The Elvis Presley Peanut Butter and Banana Sandwich ...
Understandably, residents of Tennessee feel a sense of pride when they think of their home state. There are many iconic things that have come out of Tennessee: the Vols, Kenny Chesney, the 1982 World's Fair, and the Elvis Sandwich...

Copyright 2011 Treasures By Brenda


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Saturday, August 29, 2015

What Makes Olga Run Book Review

What Makes Olga Run
As a blogger and an eBay seller, I spend a fair bit of time sitting at my computer in my chair. Maybe you do, too. My mind and my body know that this is wrong and I do try to work fitness into my life by getting to the gym at least a couple of times a week and walking daily. That last element becomes difficult but not impossible in the deep cold, snow and ice of our Canadian winters.

At my gym class there is an older woman who puts me to shame. She gets to the gym at least four times a week and sometimes more often than that. When she told me that she was reading a book called What Makes Olga Run? The Mystery of the 90-Something Track Star, and What She Can Teach Us About Living Longer, Happier Lives by Bruce Grierson, I was intrigued.

By chance, the next time I was out shopping I stumbled across it. Because my friend had mentioned it, I opted to take it home. I carried it to my book club, which for whatever reason is populated by women of my age. I guess we could be called middle-aged though I am not sure of the definition of that age group. Most of us have raised families and are empty nesters. A couple still have teenagers at home. Some still work and others are retired. Physically I would say they are an active group of ladies. Whatever our similarities, we are definitely all interested in the process of aging and we took up Olga's story as our next book club assignment.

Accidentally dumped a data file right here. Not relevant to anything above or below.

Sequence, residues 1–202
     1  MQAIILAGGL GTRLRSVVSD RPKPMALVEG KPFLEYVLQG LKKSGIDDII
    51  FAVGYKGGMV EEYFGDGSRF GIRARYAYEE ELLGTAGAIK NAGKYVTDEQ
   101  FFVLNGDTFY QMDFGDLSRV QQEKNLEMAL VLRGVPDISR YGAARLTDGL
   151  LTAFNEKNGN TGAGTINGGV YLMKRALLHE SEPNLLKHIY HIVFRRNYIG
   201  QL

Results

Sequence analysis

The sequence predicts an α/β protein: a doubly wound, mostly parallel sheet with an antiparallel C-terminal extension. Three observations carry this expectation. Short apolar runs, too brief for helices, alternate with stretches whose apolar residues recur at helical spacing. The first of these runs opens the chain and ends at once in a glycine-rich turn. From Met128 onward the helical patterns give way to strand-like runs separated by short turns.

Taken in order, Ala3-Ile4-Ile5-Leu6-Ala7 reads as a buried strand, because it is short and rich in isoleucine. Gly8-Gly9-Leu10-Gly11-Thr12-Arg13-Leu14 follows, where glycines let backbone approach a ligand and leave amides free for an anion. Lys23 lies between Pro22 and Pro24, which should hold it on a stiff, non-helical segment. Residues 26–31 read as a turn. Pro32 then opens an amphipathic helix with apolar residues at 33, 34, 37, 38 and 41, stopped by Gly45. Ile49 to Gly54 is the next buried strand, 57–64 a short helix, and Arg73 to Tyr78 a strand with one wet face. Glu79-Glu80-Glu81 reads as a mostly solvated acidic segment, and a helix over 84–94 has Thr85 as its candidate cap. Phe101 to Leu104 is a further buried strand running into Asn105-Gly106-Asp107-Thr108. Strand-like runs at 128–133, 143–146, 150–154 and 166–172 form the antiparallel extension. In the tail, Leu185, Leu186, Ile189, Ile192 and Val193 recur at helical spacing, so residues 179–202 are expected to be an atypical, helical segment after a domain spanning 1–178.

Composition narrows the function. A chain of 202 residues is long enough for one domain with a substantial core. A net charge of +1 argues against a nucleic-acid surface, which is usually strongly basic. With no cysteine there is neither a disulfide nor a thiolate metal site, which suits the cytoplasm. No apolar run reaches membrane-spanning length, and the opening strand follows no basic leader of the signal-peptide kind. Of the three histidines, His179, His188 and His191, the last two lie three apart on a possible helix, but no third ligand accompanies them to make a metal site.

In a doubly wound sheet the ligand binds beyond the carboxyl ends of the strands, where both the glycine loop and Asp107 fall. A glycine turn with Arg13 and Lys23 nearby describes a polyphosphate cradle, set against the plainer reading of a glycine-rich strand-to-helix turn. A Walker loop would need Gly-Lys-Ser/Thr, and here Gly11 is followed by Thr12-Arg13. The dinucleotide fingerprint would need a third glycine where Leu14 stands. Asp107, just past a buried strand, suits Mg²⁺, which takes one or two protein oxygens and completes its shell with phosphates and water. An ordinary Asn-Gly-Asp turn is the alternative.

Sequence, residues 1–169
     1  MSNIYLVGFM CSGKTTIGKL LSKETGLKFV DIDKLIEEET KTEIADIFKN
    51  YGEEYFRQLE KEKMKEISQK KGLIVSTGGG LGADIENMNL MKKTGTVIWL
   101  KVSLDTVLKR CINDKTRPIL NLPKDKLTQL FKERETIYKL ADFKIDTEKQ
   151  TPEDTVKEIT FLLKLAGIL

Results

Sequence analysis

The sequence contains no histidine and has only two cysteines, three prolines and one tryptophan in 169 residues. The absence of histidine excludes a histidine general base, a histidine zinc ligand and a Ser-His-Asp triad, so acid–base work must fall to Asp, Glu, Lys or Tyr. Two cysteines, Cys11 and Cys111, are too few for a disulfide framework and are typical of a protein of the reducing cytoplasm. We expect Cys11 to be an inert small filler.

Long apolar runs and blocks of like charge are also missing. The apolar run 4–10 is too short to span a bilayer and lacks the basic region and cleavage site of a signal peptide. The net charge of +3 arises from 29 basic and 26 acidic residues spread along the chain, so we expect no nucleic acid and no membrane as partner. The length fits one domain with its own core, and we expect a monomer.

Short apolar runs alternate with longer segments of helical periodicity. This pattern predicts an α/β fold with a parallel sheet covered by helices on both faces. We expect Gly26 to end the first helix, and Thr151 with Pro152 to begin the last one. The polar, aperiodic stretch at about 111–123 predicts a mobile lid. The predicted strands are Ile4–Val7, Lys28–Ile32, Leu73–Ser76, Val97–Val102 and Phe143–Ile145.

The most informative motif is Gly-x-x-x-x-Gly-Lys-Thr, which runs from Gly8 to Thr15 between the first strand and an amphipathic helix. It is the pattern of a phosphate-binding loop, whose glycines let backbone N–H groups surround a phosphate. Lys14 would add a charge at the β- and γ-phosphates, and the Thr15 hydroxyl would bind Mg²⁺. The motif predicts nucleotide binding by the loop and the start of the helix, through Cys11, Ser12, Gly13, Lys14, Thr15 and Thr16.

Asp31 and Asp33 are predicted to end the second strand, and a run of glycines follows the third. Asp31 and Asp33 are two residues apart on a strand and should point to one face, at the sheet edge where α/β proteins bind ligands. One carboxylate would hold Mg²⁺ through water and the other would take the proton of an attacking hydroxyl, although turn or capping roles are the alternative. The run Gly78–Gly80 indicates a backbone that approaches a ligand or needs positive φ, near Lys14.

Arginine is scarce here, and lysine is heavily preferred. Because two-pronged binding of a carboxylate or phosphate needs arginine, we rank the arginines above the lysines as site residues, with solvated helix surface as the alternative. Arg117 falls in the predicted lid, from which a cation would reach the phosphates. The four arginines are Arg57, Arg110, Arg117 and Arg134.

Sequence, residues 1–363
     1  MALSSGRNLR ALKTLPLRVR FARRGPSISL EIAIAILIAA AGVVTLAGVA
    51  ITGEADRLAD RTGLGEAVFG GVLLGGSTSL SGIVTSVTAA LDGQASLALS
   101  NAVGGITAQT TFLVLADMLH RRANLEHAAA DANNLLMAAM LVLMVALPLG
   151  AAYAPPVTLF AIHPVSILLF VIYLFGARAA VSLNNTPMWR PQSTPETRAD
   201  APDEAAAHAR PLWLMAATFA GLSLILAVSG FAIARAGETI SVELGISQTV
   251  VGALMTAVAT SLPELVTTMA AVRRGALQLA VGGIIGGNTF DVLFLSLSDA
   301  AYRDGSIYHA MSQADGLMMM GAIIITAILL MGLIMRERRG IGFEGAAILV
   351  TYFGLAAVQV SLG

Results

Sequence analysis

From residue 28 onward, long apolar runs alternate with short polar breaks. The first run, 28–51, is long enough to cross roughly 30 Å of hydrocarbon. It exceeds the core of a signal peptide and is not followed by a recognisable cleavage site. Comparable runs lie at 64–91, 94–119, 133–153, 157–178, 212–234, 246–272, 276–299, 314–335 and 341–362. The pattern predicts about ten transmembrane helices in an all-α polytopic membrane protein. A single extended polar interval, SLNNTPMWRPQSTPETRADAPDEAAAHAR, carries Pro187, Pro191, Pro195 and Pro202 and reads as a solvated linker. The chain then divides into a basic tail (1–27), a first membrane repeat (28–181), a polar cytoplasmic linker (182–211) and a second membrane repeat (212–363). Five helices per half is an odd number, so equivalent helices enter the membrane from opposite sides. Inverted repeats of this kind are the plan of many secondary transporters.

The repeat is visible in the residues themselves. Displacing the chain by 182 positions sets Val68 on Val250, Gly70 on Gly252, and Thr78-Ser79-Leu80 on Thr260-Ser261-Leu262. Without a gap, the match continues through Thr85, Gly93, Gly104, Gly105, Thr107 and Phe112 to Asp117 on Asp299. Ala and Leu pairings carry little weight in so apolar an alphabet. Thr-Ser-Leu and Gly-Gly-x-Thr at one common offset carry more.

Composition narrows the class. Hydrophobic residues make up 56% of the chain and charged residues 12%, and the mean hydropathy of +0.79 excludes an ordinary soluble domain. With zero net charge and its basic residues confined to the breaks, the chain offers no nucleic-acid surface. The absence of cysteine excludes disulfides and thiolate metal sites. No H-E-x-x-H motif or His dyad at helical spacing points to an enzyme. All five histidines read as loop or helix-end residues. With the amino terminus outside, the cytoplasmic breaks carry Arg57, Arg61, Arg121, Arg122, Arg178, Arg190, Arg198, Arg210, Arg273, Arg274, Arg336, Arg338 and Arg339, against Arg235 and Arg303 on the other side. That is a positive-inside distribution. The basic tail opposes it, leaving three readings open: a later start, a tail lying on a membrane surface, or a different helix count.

What Makes Olga Run? is the story of Olga Kotelko, a retired Canadian school teacher who went looking for something active to do. She started with baseball but did not like it when she was almost run down on the baseball diamond. She then found track and field and went on to became a 90-something year old super star.

As the book says on page 2, "Just how good is Olga?" Well, she holds 26 world records. She enters more events than others her age and than others much younger. She often does as many as six throwing events, three sprints and three jumps at one track and field meet. She beats records in her age group by leaps and bounds, pun intended. In 2009, she threw a javelin 20 feet farther than her nearest rival and her 100-meter dash time would have beat competitors two age brackets younger than she was.

Writer Bruce Grierson took up with admitted difficulty the job of following Olga around as she went through her days and as she allowed science to look at and into her body. The question that the book looks into is whether Olga is a superstar because of genetics, because of lifestyle choices or because of a combination of those factors? A subject that intrigues most of us.